In Act III, everything is action. If you watch Act III of any movie, you’ll see a lot of movement, action, and excitement, but none of it will mean anything unless you know about the rest of the story as well.
Strip away Acts I and II and you’re left with Act III, which consists of nothing but a lot of action. In a bad movie, all of that action is meaningless, but in a good movie, all of that action maks sense based on waht we’ve learned about the hero in Acts I and II.
In “Thelma and Louise,” Act III is about the two women being hunted down. It’s exciting, fast-paced, and utterly meaningless if you don’t know what happened to them in Acts I and II. Because we’ve seen the two women grow in Acts I and II, Act III’s non-stop action makes a lot of sense and holds our attention.
Now imagine if you just saw Act III of “Thelma and Louise” and never saw the beginning of the movie. All of that action might be interesting just for the sake of action, but it means far less than what you might feel if you had seen the whole movie.
That’s the big difference between a good movie and a bad one. Both can have plenty of action, but while one of them imbues its action with meaning like “Thelma and Louise” or “Terminator 2,” bad movies just throw up (liteally) a bunch of action and hope that all these special effects and explosions will keep you entertained like in “Transformers.”
Action without meaning is meaningless. Action with meaning is a good story.
Act III is basically what the movie is all about. In “Saving Private Ryan,” it’s the final battle scene. In “Die Hard,” it’s the final battle scene. In “Terminator 2,” it’s the final battle scene. By the time we get to Act III, we should have a clear idea what the hero wants, what the villain wants, and why the hero and villain are doing what they do.
A while back, I remember seeing a really bad movie with one of the Wayan brothers in it. Throughout the whole movie, the hero was just an ordinary guy, but suddenly in Act III, this guy knows how to use a gun. Huh?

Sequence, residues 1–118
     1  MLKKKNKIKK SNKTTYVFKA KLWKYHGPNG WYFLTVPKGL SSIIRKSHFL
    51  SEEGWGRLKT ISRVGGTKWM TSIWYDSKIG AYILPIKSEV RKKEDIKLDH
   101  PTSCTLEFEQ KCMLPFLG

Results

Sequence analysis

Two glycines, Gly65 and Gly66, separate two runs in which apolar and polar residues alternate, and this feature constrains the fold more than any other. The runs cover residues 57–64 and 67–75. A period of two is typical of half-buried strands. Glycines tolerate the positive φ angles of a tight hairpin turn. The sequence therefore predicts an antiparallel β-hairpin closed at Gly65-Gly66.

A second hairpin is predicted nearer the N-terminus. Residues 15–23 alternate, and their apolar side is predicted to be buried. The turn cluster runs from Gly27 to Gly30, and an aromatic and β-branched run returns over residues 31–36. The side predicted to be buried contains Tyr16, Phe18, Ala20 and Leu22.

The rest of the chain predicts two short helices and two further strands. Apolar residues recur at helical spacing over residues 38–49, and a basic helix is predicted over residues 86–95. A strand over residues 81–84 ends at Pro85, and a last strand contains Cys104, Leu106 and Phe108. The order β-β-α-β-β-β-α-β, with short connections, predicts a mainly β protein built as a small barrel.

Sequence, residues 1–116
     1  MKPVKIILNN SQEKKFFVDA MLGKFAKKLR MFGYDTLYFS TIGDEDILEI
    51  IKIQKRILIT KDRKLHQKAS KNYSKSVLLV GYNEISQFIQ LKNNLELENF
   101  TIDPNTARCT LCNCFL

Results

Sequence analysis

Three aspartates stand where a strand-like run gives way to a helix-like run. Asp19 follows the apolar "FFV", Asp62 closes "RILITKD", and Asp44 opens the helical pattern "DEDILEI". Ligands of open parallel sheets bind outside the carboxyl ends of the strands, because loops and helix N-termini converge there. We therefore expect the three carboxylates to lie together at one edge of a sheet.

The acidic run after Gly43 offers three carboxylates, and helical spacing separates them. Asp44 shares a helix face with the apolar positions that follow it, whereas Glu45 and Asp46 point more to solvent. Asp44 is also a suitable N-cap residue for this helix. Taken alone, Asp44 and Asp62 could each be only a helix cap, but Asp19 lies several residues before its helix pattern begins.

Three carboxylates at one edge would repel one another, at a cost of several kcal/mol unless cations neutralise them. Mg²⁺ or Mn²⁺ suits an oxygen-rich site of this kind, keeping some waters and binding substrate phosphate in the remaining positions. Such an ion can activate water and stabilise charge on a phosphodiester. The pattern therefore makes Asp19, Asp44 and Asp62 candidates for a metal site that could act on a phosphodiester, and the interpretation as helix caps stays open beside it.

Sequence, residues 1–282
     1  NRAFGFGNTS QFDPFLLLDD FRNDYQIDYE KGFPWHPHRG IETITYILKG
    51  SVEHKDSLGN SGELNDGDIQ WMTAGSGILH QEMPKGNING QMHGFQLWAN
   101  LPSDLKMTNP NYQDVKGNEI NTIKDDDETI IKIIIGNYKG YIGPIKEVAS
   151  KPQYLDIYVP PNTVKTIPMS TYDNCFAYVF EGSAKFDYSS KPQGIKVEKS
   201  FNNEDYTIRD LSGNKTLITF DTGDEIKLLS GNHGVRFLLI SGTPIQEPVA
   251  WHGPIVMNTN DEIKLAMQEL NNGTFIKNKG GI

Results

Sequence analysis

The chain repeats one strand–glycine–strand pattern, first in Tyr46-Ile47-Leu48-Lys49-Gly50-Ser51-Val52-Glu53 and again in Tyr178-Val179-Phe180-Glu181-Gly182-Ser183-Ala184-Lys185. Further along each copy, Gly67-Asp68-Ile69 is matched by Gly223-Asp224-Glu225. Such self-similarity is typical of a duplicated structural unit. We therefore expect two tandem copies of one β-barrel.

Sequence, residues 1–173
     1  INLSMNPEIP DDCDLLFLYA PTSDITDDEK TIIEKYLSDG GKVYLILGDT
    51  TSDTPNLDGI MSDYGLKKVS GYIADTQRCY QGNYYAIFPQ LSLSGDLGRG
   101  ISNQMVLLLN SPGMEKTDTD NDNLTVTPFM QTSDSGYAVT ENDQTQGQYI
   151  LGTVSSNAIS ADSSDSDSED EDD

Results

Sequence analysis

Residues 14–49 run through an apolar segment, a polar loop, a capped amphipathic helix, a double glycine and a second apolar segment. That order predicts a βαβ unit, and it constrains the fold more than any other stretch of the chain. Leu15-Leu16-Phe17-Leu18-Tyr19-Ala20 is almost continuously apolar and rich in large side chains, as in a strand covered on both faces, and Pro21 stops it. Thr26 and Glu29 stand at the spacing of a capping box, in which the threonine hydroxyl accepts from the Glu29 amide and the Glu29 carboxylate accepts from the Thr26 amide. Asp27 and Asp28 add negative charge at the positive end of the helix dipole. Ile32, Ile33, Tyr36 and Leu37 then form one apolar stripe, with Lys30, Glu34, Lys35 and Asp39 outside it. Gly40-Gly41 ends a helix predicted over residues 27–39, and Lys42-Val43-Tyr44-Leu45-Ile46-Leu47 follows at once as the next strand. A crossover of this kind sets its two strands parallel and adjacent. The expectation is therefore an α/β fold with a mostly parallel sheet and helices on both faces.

If you’re introducing something new in Act III, you’ve just turned your screenplay into a bad movie. Act III should show us nothing that we haven’t already seen before. If your hero needs to know rope climbing or how to ride a unicycle in Act III, we better see that earlier in Acts I or II. Likewise, if you show something interesting in Act I or II, we’d probably like to see that later in Act III.
In the old 70’s movie “Earthquake,” there’s a daredevil motorcyclist who appears in Act I and II. For some reason in Act III, we never get to see that motorcyclist use his dardevil skills in any way. Again, Huh?
Here’s the general rule. If you make a big deal out of something in Act I or II, you have to make it pay off in Act III where all the action takes place. If you need the hero to survive by doing something in Act III, you better show us earlier how the hero used that skill in Act I or II.
Act III is all about action, but all that action depends on your setups in Acts I and II. By itself, Act III is just action, but when combined when what we know in Acts I and II, Act III suddenly moves beyond just a bunch of meaningless action and suddenly takes on a whole new significance, and that’s what you want in your screenplay.